You are what you eat, and as we learn more about how food affects our bodies, there’s a lot of wisdom packed into these five simple words. But for people with a cancer diagnosis, this advice isn’t so simple. Cancer treatment has side effects that can lead to significant weight loss (even malnutrition) or weight gain; certain foods, herbs or supplements can negatively affect cancer treatments. You’re also more than what you eat, so it’s essential that patients have both traditional and holistic experts on their team as they begin their battle.
One expert all cancer patients should have is a dietitian. Mary T. Englick of Kaiser Permanente talks to her patients about the power of food in preventing cancer and in reducing treatment side effects. She evaluates patients’ nutritional needs during chemotherapy or radiation and manages their side effects through dietary changes. Nutritional protocols for cancer patients are focused on evidence-based recommendations:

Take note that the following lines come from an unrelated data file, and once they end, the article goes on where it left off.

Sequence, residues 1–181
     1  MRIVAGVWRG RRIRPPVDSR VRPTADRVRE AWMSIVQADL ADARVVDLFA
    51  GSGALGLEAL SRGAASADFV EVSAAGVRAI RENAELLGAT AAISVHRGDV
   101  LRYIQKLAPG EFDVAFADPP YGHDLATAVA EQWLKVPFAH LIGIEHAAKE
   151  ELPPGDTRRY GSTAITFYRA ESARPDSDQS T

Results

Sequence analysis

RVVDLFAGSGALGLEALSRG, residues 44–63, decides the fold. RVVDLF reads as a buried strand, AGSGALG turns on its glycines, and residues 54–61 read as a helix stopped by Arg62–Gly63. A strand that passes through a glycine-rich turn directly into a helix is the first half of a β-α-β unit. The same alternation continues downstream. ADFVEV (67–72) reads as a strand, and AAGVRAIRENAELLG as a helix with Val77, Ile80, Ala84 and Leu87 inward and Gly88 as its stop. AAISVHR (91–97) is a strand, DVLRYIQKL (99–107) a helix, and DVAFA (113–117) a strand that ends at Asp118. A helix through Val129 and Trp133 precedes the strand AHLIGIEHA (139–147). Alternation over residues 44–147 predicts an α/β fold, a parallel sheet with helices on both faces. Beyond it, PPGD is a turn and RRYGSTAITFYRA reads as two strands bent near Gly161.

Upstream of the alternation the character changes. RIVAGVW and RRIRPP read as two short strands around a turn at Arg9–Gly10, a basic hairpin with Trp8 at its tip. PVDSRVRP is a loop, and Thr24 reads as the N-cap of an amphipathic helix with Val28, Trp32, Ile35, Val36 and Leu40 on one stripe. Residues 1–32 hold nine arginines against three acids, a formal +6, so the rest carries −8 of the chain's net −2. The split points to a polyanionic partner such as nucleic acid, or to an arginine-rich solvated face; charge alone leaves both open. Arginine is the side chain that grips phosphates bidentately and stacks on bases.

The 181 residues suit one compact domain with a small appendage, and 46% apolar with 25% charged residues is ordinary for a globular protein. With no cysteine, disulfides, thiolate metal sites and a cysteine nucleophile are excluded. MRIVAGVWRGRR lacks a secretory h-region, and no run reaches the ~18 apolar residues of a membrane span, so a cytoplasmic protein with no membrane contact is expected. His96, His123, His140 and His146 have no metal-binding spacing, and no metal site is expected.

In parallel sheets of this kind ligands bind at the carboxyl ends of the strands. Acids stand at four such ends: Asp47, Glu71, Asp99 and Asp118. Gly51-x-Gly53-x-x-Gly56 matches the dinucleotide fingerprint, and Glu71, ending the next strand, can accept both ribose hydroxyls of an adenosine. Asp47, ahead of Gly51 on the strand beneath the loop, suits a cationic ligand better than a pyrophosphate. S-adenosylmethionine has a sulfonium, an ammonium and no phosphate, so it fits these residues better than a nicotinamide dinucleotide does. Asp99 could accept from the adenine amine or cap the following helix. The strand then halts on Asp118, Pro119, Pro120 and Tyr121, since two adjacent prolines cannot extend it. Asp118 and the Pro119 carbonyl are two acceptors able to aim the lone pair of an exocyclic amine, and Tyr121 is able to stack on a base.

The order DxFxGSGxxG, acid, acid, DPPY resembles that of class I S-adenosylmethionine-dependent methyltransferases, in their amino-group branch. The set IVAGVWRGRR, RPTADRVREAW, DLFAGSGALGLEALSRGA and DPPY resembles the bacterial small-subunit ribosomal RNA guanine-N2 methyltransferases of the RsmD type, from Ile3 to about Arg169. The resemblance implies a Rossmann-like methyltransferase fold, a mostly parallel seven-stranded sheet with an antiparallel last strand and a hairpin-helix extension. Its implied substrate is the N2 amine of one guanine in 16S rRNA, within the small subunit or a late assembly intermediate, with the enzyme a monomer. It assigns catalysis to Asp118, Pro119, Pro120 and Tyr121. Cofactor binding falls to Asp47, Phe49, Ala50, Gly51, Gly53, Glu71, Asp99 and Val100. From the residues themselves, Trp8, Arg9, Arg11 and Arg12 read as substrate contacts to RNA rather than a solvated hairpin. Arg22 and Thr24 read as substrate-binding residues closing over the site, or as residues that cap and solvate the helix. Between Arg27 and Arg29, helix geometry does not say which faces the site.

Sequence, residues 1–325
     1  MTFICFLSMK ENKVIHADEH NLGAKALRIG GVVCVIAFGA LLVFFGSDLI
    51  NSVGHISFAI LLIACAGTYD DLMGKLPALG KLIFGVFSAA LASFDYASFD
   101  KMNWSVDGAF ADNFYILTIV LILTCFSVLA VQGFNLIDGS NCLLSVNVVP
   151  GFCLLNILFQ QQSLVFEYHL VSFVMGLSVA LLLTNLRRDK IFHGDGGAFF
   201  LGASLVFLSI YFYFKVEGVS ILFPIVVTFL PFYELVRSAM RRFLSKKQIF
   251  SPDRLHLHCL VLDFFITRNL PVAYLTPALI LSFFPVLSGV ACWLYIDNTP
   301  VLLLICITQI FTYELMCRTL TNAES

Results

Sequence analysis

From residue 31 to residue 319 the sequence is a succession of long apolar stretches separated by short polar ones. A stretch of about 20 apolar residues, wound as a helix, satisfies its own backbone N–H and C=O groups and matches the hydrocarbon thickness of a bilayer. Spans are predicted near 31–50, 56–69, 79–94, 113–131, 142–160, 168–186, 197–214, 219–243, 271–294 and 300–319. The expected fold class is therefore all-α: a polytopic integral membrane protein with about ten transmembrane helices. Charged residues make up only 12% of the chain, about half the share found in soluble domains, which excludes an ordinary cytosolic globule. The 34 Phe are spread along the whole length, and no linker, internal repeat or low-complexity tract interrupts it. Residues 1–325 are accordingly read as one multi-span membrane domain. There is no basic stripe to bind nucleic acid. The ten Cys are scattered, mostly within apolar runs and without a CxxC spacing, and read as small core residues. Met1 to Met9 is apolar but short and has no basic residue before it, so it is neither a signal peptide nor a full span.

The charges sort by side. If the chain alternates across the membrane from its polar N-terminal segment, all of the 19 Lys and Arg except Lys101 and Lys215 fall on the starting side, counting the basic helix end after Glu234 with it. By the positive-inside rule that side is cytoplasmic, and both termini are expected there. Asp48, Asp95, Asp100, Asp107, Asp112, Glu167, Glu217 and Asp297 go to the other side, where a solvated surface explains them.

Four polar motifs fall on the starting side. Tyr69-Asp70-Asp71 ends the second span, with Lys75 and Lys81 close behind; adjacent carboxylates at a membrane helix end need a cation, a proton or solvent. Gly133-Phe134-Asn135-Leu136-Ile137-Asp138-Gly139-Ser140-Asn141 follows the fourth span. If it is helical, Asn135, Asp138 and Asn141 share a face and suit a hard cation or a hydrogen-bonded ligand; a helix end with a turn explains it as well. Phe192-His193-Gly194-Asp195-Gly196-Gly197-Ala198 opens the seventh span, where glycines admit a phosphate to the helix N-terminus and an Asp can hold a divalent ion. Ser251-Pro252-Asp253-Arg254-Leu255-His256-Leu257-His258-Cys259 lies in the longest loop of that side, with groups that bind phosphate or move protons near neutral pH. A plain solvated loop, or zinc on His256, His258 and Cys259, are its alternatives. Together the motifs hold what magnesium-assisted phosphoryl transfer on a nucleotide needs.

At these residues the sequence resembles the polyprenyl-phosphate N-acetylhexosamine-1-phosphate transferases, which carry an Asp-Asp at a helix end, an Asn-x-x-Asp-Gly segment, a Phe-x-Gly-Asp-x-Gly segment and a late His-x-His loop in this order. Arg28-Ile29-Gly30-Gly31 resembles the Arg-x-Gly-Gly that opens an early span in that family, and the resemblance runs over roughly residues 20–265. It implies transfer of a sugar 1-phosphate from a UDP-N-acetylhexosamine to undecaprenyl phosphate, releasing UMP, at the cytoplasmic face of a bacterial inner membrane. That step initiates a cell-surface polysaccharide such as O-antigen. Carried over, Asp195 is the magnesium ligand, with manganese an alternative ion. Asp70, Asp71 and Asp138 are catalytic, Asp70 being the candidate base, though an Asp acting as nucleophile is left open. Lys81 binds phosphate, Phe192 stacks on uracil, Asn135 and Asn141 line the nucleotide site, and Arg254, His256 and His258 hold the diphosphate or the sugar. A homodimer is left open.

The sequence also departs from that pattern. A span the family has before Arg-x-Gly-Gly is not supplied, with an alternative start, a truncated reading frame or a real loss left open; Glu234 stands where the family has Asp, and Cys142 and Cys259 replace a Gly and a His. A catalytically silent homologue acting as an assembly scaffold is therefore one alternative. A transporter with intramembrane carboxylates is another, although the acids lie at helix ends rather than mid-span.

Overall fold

- Fruits and vegetables from each color family for a variety of immune system-supporting nutrients
- Water to aid in digestion and reduce some of the side effects like constipation and fatigue
- Dairy rich in calcium and vitamin D, such as yogurt; a great source of protein, nutrients and probiotics
- Fish rich in omega-3 fatty acids, which helps reduce inflammation, lowers the risk of some types of cancer, and is a rich source of vitamin D, which is thought to help protect against some cancers
- Whole grains such as steel-cut oats, quinoa, and farro which provide fiber, iron, magnesium, and folate
- Small, frequent meals to make it easier to get all the nutrition you need when dealing with appetite or weight changes
- Avoid processed meats such as ham, bacon, sausage and most deli meats
- Don’t take herbal, mineral or vitamin supplements without talking to your oncologist because they can change how your chemotherapy works